- Hi,

Perhaps, I didn't put it the right way.

Where p+1 is prime it divides n^p - 1

i.e. 11 divides 2^10-1 and 23 divides 2^22-1

More importantly, for my example, 89 divides 3^88-1 .

However, if you have a counter-example then please send it to me.

Kevin.

At 02:06 PM 2/07/2004, eharsh82 wrote:>Taken another way p+1 divides n^p - 1.

>

>This isn't true.

>

>Harsh

>

>

>--- In primenumbers@yahoogroups.com, Kevin Acres <research@r...>

>wrote:

> > OK, here's a bombproof way to factorize a Mersenne, given that the

> > algorithm is implementable in a computer. Please make me aware of

>any

> > counter-example should you know of one.

> >

> > Remember that we are dealing solely with an exponent of a number to

>a given

> > base. You don't need to keep the actual number itself in computer

>memory

> > in an implementation.

> >

> > Given that the "reverse method" can find the smallest exponent in a

>given

> > base for a given number.

> >

> > And given that p divides (n^(p-1))-1 where p is prime or a base n

> > pseudoprime. Taken another way p+1 divides n^p - 1.

> >

> > Take a number known to be composite, in this case 2047 and check it

>against

> > the smallest 3^n -1 number that it can divide.

> >

> > The reverse method shows us that 2047 divides 2^11-1 (itself) and

>3^88 - 1.

> >

> > We now know for sure that 2047 isn't prime because 88 doesn't

>divide 2046,

> > (2047-1).

> >

> > We also know that x+1 will divide 3^x -1. In this case x+1 is 88+1

>or 89.

> >

> > Now we find that 89 divides 2047 giving us 23, the other factor.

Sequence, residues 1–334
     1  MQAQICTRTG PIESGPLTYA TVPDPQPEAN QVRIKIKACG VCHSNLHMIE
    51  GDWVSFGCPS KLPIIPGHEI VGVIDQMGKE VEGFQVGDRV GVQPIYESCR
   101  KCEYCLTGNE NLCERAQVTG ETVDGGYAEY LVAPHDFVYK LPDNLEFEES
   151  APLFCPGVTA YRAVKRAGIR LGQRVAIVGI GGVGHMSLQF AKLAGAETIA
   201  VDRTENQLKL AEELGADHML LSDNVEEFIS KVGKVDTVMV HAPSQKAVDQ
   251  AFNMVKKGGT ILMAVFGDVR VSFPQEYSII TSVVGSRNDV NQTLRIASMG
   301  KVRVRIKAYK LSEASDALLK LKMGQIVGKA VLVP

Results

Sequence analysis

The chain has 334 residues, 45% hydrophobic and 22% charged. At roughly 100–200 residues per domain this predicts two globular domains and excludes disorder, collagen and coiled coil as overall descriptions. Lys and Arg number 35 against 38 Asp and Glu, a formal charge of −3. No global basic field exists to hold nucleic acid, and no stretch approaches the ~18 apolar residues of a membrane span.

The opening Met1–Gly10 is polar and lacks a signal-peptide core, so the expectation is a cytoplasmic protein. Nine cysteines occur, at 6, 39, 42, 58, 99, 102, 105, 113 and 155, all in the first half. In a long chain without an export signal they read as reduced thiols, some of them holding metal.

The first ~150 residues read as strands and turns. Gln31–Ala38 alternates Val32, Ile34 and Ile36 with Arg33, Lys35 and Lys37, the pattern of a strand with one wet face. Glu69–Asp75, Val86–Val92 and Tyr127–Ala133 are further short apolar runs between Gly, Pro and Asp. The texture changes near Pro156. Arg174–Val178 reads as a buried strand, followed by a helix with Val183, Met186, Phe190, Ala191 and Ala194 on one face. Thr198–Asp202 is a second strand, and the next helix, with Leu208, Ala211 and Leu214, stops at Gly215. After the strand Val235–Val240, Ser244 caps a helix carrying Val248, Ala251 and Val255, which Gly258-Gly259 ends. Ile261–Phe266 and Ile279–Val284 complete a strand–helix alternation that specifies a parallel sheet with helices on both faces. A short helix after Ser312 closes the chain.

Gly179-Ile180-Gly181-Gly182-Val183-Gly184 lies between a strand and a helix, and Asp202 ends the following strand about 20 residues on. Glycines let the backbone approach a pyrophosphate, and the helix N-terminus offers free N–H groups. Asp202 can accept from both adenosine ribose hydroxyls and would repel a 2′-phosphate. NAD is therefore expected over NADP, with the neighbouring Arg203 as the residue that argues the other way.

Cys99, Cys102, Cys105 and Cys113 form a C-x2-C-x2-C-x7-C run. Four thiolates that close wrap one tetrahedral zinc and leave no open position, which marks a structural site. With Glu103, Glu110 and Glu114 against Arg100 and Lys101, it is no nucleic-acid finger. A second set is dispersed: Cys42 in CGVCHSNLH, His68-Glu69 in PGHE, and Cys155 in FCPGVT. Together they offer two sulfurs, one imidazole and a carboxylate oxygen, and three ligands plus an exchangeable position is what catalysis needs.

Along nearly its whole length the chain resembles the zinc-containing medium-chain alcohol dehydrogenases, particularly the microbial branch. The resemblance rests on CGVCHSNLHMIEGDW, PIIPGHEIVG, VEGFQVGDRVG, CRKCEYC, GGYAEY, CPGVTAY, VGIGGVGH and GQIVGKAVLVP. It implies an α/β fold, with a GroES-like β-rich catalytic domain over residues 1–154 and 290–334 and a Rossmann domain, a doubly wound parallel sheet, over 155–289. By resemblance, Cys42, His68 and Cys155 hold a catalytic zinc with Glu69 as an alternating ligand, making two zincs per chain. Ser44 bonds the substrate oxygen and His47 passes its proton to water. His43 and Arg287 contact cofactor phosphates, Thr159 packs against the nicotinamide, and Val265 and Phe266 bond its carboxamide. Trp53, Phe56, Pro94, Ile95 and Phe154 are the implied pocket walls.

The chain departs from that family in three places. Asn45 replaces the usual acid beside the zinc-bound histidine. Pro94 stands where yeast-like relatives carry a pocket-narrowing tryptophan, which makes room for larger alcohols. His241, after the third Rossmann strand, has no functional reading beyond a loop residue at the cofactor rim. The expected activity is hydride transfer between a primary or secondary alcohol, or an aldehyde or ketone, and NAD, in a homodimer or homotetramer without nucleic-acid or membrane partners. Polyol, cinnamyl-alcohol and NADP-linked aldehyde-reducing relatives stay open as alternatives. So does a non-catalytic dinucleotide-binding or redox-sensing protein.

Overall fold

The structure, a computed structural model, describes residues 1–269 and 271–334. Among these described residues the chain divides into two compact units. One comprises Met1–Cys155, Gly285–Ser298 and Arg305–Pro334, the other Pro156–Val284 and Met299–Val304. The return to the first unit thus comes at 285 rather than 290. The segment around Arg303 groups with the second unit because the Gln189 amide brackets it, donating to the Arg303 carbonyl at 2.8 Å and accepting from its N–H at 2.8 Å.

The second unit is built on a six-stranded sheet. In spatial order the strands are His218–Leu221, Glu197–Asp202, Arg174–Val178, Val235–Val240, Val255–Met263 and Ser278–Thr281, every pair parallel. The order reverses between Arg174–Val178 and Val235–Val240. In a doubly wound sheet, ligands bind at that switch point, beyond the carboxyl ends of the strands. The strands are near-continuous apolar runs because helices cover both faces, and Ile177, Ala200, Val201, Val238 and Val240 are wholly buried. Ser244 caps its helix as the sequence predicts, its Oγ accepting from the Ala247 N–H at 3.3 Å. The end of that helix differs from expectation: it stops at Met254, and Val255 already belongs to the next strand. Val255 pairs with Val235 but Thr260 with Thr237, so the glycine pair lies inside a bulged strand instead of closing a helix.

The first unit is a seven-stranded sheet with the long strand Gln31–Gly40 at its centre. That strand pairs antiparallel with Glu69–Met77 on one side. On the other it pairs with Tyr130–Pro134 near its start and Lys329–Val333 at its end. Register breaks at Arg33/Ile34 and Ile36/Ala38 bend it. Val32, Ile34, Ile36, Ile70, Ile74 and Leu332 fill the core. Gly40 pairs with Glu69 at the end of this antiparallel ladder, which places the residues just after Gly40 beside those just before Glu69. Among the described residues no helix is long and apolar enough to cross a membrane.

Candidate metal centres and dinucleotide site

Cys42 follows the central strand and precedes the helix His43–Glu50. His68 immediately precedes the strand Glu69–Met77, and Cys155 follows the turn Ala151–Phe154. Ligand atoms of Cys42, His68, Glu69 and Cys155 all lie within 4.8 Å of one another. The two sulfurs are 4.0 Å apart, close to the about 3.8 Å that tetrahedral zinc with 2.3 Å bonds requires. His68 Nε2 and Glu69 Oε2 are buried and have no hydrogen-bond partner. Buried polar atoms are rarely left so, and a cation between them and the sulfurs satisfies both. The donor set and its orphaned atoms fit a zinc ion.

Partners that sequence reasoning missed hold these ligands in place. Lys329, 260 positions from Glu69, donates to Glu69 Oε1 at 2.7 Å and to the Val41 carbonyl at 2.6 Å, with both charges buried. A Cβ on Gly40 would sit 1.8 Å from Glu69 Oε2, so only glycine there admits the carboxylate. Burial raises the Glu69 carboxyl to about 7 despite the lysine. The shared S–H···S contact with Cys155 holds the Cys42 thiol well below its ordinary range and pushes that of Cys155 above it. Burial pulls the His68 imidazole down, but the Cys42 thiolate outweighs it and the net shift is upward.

> > Effectively factorizing 2^11-1 without ever having to work in base

>2.

> >

> > Now take another number, this time known to be prime, 8191

> >

> > Applying the reverse algorithm in base 3 we find that 8191 divides

>3^8190 -

> > 1. 8190 divides 8191-1 so we now that 8191 is prime in base 3. The

>reverse

> > algorithm in base 2 shows that 8191 divides 2^13-1 and that 13

>divides

> > 8190, therefore 8191 is base 2 prime as well.

> >

> > So am I wrong or does this method of factorizing work in all cases

>for

> > Mersenne numbers?

> >

> > Kevin.

>

>

>

>

>Unsubscribe by an email to: primenumbers-unsubscribe@yahoogroups.com

>The Prime Pages : http://www.primepages.org/

>

>

>Yahoo! Groups Links

>

>

>

> - Perhaps it is K*p+1?

Harsh

--- In primenumbers@yahoogroups.com, Kevin Acres <research@r...>

wrote:> Hi,

the

>

> Perhaps, I didn't put it the right way.

>

> Where p+1 is prime it divides n^p - 1

>

> i.e. 11 divides 2^10-1 and 23 divides 2^22-1

>

> More importantly, for my example, 89 divides 3^88-1 .

>

> However, if you have a counter-example then please send it to me.

>

> Kevin.

>

>

>

> At 02:06 PM 2/07/2004, eharsh82 wrote:

> >Taken another way p+1 divides n^p - 1.

> >

> >This isn't true.

> >

> >Harsh

> >

> >

> >--- In primenumbers@yahoogroups.com, Kevin Acres <research@r...>

> >wrote:

> > > OK, here's a bombproof way to factorize a Mersenne, given that

> > > algorithm is implementable in a computer. Please make me aware

of

> >any

number to